The new global world and its affiliate, the internet, have led to a massive international migration. People are fleeing by the millions from poverty and hopelessness in the “developing countries” , from the many civil wars in failed countries in the Near East and Africa. They are showing up on the door steps of Western Europe and the USA. National borders don’t seem to have any impact anymore, the people just keep coming; the millions of refugees are difficult to accommodate and integrate. National governments are in a quandary; they have no real answers to the origins of the worldwide migration. This has led to fear and insecurity. The middle class in particular feels threatened and in many ways forgotten.
It appears that the consequences of globalization has worn down, unsettled and disheartened the traditional core of American society – the white middle class. Many of these people don’t look with optimism in the future. They are ripe for a demagogue like Trump, who claims he will lead them out of the valley of frustration and back to a time when “America was great”.
Here is my very personal take on the election. It was in 2015 as I was visiting my family in Cumberland, Wisconsin that I first saw Donald Trump on television. He was coming down an escalator into a ballroom to announce his candidacy for the President of the United States. First he said he was very rich and then he meandered aimlessly through some issues, at one point calling Mexican immigrants rapists and criminals. He wanted to build a wall along the Mexican border, which the Mexican government was going to pay for. I assumed it was all a satire and a joke. The many comedy news shows in the USA – Jon Stewart, Steven Colbert, John Oliver, Samantha Bee – had a field day in the following months. We all laughed a lot that fall. The American people could not be that dumb as to elect an obvious charlatan. We were wrong and P.T. Barnum was right: There is a sucker born every minute.
By the time I went back to visit in spring of this year the laughing was becoming more cynical. It appeared that Trump was going to be the Republican nominee and there was a chance he could be the next President of the United States. I began to get worried after getting to know the media landscape in the USA and talking with some people. Many people (white males who lived in rural Wisconsin) were determined to vote, some for the first time in their lives. Trump had motivated them. That worried me. It didn’t matter what he said or did. It was his personality that attracted them. He seemed to be Anti-Establishment, a candidate that broke every taboo. These people wanted to get even for something they could not really define. They felt endangered, but they didn’t know from what. Washington D.C., Mexican immigrants, Islam, China, people with color, Gays, Barack Obama? And now they felt suddenly empowered. Trump brushed off all attacks. In one campaign appearance he said he could shoot someone and it would have no effect on his popularity. That turned out to be the truth. One of the few true things Trump said during the campaign. His followers – and there were getting to be more and more of them – didn’t really care what he said and did. The only message was: Trump. Molesting women at will; making fun of gays and people with handicaps; denigrate people of an Islamic faith; brag about not having to pay federal income taxes – isn’t that something we’ve secretly all wanted to do? (I hope not.) With Trump you could let it loose. Let your belly do your thinking.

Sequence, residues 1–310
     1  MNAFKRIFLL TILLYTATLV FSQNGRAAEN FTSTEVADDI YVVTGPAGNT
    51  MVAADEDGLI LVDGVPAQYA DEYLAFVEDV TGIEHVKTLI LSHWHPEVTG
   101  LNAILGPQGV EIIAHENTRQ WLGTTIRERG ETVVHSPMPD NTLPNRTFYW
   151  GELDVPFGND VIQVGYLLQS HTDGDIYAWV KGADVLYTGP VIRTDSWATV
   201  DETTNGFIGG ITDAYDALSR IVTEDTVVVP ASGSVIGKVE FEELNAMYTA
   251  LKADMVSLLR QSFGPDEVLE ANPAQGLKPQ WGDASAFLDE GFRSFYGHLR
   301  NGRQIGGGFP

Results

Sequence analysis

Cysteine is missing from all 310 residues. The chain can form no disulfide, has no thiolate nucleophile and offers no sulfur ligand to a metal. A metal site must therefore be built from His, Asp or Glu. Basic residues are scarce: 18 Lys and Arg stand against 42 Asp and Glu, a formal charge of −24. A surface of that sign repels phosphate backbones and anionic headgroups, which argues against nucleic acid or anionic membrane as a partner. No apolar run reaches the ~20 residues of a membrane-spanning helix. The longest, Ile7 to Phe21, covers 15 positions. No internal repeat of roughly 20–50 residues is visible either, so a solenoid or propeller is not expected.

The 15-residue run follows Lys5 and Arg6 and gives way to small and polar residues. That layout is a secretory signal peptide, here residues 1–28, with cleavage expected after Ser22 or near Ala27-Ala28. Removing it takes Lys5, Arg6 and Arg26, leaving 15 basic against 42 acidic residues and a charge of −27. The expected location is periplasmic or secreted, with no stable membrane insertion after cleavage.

The television and general media culture in the USA scared me; Trump is a product of that culture. There are hundreds of TV-channels, each worse than the next. The dumbing down of America reveals itself most clearly in the electronic media. It is omnipresent. Everywhere you go there are televisions. And they are of course supplemented by the digital world with internet, tweets, apps and all of the rest. This plethora of information has apparently wiped out the difference between fact and fiction. You can say anything and everything – and no one bothers checking it. What is the truth, and what are lies? Who cares? After you have been in the USA awhile you realize that Trump is not really that much of an exception. You can find his type of character and language all over the media. The American culture is producing small scale Trumps on a daily basis, like a factory assembly line. I guess the American people have come to accept that as normal. Reality-TV for example, that is – it is hard for me to even write this – very popular. I was appalled when I watched a show the first time. (We don’t have a television set in Germany, so I don’t know if there is something similar to Reality-TV in Germany. I hope not.) Shallow and just simply stupid; a reality that is unreal. Trump is a product of Reality-TV. It is as if he has jumped out of the television set into the real world and acts as if he is still playing a role in Reality-TV. And no one notices the difference. It’s frightening.